Art

The Penetrating Portraits of an Overlooked Photographer

Installation view, 'The Light Inside: Wendy Snyder MacNeil, Photographs and Films' (2016) (© Larissa Issler) (click to enlarge)
Installation view, ‘The Light Inside: Wendy Snyder MacNeil, Photographs and Films’ (2016) (© Larissa Issler) (click to enlarge)

TORONTO — Wendy Snyder MacNeil is as much a documentarian as she is an artist.

Ample evidence of this is provided in The Light Inside: Wendy Snyder MacNeil, Photographs and Films, currently on view at Toronto’s Ryerson Image Centre, which recently acquired the artist’s entire archive. MacNeil studied under American photographer Minor White at MIT in the late 1960s and would go on to teach at the Rhode Island School of Design (RISD). She became known mainly for her portrait work, which is characterized by an austere clarity that complements, yet simultaneously contrasts with, the intimacy she clearly shares with her subjects.

Wendy Snyder MacNeil, "Untitled [Young man, old woman and two children standing outside a tent]" (1968–69), from the series 'Irish Tinkers,' gelatin silver print, Wendy Snyder MacNeil Archive, Ryerson Image Centre
Wendy Snyder MacNeil, “Untitled [Young man, old woman and two children standing outside a tent]” (1968–69), from the series ‘Irish Tinkers,’ gelatin silver print, Wendy Snyder MacNeil Archive, Ryerson Image Centre
Many of the black-and-white works featured in The Light Inside — which was curated by Don Snyder, a Ryerson University Image Arts faculty member who’s also the artist’s brother and longtime collaborator — blur the lines between art and documentation, and have a kind of vérité quality despite their highly stylized starkness. The faces of Boston Haymarket workers from the 1960s look like they could be ripped from news shots or social media feeds. The series Irish Tinkers, taken on a trip to Ireland in the late 1960s, explores family ties and community within the marginalized Travellers group. The subjects wear a grim determination on their faces, and the photos have an immediacy that comes through in the dirty flesh and sharp shards of light. “Untitled [Young Man, Old Woman, and children standing outside a tent]” (1968–69) features a roguishly handsome young man and an old woman who grips the hands of the children protectively, with a shy smile. The drama of the shot is served by MacNeil’s simple documentation; she doesn’t seem to exploit these people, but rather allows them to be themselves, to tell their own tales through their bodies and natural expressions. This style is repeated again and again throughout the show. MacNeil has a gift for allowing her subjects to both conceal and reveal, revealing bald truth and quiet grace at once.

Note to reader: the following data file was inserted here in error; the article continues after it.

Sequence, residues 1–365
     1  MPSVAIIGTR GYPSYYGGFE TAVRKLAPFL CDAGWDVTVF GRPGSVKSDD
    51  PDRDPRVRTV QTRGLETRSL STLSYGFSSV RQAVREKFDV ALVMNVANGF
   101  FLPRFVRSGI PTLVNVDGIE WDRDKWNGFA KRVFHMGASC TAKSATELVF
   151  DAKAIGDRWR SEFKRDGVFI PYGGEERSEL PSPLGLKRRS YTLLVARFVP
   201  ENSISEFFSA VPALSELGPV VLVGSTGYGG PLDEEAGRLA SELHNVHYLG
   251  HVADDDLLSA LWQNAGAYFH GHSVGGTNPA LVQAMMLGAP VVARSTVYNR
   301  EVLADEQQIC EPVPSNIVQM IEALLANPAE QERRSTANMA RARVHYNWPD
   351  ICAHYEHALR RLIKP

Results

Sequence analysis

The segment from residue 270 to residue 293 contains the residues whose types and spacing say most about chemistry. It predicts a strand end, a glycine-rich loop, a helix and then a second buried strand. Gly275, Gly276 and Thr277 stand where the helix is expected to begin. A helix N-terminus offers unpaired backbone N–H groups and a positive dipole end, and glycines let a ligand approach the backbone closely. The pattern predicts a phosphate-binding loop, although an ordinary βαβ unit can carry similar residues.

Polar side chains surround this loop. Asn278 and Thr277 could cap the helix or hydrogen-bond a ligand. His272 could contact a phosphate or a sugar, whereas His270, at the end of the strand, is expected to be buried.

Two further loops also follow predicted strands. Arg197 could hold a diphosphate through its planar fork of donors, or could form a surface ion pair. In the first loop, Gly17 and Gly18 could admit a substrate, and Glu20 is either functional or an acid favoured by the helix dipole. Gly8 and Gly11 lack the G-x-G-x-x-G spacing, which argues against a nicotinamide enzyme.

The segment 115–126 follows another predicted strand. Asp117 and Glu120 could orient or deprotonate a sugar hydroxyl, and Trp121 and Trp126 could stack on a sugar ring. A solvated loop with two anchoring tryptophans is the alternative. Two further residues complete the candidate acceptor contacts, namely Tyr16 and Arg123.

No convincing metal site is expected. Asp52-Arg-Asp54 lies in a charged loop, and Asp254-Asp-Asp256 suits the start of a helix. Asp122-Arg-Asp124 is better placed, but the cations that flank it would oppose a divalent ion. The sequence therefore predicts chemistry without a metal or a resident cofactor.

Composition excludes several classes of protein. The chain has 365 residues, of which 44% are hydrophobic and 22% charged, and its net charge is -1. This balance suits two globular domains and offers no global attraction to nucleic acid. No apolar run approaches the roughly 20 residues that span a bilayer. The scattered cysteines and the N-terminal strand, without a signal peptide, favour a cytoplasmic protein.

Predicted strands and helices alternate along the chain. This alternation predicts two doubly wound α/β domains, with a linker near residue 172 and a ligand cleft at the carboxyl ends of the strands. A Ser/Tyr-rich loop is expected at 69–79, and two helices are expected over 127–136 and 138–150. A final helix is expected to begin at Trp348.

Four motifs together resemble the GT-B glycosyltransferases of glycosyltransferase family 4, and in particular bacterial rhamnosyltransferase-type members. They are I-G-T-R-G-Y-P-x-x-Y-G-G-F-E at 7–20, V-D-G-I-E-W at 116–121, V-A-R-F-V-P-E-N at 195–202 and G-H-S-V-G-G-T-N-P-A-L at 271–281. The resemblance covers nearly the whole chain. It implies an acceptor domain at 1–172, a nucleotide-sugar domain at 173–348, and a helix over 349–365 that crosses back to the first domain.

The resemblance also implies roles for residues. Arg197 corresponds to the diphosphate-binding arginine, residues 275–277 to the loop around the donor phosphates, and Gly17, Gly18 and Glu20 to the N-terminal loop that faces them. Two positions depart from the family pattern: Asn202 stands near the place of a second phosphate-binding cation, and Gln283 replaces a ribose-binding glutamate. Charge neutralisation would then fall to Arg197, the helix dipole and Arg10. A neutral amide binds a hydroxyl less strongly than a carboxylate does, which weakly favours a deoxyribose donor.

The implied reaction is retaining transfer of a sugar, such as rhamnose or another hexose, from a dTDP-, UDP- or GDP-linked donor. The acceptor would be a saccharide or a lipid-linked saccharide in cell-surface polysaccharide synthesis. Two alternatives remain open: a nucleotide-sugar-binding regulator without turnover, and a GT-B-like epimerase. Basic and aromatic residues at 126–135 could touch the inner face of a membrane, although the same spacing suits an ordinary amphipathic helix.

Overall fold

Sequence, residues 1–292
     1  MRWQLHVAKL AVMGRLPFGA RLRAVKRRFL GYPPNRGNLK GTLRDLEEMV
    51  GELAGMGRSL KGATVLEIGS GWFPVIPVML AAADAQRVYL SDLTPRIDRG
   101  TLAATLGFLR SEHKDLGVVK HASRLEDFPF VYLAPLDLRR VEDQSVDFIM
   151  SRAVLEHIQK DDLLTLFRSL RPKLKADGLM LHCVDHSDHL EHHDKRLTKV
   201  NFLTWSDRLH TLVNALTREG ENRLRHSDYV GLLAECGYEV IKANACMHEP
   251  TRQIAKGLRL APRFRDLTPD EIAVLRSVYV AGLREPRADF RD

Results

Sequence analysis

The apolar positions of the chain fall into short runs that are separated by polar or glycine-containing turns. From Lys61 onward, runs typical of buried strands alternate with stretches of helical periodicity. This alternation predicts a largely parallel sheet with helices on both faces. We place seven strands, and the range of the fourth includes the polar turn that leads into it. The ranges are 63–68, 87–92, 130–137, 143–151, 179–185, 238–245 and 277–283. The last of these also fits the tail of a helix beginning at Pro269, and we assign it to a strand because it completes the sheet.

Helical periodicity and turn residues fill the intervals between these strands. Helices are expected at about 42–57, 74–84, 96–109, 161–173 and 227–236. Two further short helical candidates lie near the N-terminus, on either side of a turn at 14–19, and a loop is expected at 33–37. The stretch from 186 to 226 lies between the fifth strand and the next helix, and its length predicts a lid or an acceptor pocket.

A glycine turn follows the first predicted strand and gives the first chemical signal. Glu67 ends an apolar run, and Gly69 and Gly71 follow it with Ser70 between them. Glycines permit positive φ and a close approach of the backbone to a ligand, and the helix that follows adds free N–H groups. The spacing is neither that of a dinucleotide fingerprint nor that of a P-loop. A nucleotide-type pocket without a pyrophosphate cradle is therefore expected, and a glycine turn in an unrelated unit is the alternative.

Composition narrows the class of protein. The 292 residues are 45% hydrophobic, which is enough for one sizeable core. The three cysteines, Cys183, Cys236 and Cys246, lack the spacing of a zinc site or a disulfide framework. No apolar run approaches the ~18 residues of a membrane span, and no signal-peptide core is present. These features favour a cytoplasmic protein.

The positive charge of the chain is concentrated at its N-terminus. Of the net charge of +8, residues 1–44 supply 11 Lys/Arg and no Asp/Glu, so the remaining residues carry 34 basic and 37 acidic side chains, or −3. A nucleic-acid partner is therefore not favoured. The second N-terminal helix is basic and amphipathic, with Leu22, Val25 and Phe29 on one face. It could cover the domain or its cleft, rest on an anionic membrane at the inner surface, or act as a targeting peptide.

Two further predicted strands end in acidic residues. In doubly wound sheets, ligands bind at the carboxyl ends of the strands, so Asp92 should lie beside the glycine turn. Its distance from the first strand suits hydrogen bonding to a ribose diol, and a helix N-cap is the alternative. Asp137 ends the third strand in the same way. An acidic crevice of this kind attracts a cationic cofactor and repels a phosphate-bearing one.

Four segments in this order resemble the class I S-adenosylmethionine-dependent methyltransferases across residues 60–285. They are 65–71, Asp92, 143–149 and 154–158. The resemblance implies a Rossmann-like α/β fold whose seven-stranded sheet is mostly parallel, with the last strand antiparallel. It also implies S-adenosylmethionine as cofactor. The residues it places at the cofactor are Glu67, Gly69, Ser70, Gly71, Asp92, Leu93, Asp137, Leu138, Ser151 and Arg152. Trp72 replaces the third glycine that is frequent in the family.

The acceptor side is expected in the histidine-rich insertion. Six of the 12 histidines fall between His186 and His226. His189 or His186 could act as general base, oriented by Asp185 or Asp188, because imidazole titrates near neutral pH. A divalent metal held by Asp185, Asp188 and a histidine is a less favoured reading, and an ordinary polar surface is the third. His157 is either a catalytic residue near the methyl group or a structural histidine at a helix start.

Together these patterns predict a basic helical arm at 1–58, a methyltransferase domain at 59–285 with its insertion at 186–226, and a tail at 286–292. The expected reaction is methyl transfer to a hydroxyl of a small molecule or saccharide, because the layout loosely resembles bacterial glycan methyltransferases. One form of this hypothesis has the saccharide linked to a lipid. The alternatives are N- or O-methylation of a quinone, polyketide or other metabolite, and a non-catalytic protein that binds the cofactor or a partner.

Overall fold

Wendy Snyder MacNeil, "Untitled [Boy at Special School]" (c. 1975), from the series 'Special School for Special Children,' gelatin silver contact print, Wendy Snyder MacNeil Archive, Ryerson Image Centre (click to enlarge)
Wendy Snyder MacNeil, “Untitled [Boy at Special School]” (c. 1975), from the series ‘Special School for Special Children,’ gelatin silver contact print, Wendy Snyder MacNeil Archive, Ryerson Image Centre (click to enlarge)
Many of the portraits contained within the Special School for Special Children (1975) series are enjoying their first showing here. Taken from an unpublished photo essay of children with special needs at a Massachusetts school, the kids, like the ones depicted in Irish Tinkers, don’t smile, but there is grim focus. The most striking of these works features a boy who resembles an old man, with scant hair and pushed-in facial features that accentuate a mournful expression. There’s an intimacy at work here, evidence of the photographer’s ability to capture her subjects’ vulnerabilities. This characterizes much of MacNeil’s work, even when the subjects are immobile. Heads of Kings (1983–87), which depicts ancient stone sculptures, is compelling for its collision of austerity and intimacy. MacNeil said of the prints in 1991, “There’s something about the way their faces are battered, and yet they are kings and they are supposed to hold all the power. The power must be somewhere else.” One wishes there were more than just the two of these photographs on display; they bring to mind the interplay of power, time, and fragility so eloquently referenced in Shelley’s “Ozymandias.”